GOLFERS have been warned to watch out for snakes in the grass after two exotic visitors slithered onto a Hyndburn golf course.
Two four-feet long boa constrictors have been caught at Baxenden Golf Club in the past week, far from their usual habitat in the tropical forests and savannahs of South America.
There are fears that they have been abandoned and more could be lurking down the fairways. But they are unlikely to be dangerous to humans because of their poor physical condition.
Former Lancashire and England cricketer Ian Austin, 37, got the shock of his life when he came face to face with one of the reptiles as he took his dogs for an early-morning walk last Thursday.
Ian, of Coleridge Drive, Baxenden, was walking through the moorland grass surrounding the course with his Jack Russells, Oscar and Bully, when he spotted what he thought was a stick.
He said: "I tapped it with the golf club I was carrying and it moved. Then this head popped up and there were two eyes staring at me.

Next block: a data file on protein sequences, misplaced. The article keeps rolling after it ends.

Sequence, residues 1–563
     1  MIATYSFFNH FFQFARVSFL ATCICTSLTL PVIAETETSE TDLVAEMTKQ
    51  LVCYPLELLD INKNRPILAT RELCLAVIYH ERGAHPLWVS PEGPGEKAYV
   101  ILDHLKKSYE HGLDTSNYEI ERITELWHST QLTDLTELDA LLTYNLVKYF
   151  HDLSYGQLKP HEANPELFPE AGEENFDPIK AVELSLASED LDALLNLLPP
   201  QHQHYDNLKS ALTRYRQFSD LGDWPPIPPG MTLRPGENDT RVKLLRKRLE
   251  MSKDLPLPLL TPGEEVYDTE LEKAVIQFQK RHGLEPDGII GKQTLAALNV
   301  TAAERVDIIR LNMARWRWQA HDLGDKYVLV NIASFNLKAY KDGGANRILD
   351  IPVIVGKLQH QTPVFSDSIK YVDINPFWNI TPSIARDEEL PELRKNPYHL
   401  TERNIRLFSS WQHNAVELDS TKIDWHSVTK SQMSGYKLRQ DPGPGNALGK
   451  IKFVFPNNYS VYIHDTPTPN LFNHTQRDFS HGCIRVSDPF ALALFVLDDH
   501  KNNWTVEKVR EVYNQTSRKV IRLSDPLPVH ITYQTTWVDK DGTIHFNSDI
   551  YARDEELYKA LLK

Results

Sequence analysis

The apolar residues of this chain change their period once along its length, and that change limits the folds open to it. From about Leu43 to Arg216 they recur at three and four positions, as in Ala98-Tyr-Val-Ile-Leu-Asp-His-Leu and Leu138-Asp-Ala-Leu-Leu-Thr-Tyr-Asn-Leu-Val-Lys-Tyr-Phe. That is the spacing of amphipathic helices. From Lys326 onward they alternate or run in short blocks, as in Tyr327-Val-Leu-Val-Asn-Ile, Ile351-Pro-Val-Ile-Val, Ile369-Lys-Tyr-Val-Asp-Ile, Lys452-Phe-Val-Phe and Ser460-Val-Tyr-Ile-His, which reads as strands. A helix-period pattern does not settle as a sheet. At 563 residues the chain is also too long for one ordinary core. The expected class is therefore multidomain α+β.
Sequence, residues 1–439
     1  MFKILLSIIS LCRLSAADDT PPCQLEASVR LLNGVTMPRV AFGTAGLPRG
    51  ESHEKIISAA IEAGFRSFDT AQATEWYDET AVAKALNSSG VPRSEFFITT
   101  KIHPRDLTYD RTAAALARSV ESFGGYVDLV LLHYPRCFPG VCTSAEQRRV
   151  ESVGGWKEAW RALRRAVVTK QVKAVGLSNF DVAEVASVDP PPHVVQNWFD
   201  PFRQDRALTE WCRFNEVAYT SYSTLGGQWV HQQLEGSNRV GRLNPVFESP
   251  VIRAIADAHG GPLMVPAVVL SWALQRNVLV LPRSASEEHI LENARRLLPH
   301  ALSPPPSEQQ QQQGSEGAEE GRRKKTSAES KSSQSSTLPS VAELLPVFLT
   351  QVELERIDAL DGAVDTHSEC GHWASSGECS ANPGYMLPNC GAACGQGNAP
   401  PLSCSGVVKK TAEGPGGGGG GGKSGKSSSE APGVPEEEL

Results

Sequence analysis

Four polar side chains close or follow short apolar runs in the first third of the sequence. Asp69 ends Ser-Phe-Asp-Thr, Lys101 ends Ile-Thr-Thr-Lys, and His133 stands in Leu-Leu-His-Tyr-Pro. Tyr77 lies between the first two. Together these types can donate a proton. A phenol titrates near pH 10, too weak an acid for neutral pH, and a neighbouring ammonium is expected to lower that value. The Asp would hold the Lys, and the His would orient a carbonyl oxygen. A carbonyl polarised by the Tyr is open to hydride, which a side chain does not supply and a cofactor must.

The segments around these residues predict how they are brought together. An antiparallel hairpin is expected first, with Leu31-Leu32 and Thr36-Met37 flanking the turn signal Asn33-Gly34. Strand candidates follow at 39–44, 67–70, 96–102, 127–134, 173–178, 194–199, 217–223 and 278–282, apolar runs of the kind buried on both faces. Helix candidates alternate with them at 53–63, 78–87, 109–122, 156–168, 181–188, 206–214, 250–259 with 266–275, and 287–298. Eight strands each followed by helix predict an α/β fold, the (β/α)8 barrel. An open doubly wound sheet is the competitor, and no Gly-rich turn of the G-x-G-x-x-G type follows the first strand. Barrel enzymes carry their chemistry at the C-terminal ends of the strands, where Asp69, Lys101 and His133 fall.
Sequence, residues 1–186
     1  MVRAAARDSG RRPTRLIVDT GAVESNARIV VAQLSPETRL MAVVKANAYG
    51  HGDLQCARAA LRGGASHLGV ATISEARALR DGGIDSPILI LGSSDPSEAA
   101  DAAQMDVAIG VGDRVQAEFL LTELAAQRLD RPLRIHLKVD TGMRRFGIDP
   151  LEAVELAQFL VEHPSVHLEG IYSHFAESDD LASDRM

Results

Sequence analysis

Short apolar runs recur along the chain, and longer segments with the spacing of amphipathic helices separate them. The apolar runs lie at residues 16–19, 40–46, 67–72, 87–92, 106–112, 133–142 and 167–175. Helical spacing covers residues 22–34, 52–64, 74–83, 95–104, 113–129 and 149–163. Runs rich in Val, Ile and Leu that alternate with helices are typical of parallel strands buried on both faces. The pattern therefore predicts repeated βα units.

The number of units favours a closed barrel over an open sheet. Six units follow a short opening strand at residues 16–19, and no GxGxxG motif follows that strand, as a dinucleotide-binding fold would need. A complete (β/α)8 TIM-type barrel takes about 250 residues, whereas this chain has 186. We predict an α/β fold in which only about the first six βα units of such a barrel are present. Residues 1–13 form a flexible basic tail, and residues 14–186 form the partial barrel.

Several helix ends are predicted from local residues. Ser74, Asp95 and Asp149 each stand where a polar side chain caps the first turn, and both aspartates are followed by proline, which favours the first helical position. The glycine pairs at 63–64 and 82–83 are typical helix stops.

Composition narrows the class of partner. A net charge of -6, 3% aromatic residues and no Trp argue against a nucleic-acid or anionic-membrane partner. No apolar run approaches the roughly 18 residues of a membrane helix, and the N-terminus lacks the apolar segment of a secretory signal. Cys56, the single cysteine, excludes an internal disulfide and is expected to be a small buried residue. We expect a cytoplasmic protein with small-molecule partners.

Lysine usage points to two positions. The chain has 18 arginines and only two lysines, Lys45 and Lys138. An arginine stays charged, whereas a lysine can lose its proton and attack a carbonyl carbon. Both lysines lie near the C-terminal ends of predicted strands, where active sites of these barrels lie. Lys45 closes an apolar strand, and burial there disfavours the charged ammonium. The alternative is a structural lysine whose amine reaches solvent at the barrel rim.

"I made a hasty retreat and went and told groundkeeper Bill Horvath who phoned the police and the RSPCA. It's definitely not what I expected to see on an early-morning walk. To say I was surprised is an understatement.''
RSPCA officer Helen Chapman came and collected the snake, which has been named Ben after golfer Ben Curtis who won the Open Championship last weekend.
The severely emaciated snake was taken to an exotic animals expert in Manchester, where it now appears to be making good progress.
It was initially thought that it was an escaped pet but after the discovery of a second boa constrictor on the course, RSPCA officers have come to the conclusion that the snakes, which can grow to nine-feet long, have been deliberately abandoned.
The second snake was spotted near the fourth hole by golfer Dave Edwards, 41, of Queen Street, Clayton-le-Moors, on Tuesday night.
He and a friend were searching for a lost ball when they spotted the snake curled up on the grass.
It was caught by staff at the club before being handed over to animal collection officer Jon Kerrigan on Wednesday morning.
Experts say that boa constrictors cannot survive long in cold weather and the pair would have died had it not been for the recent warm spell.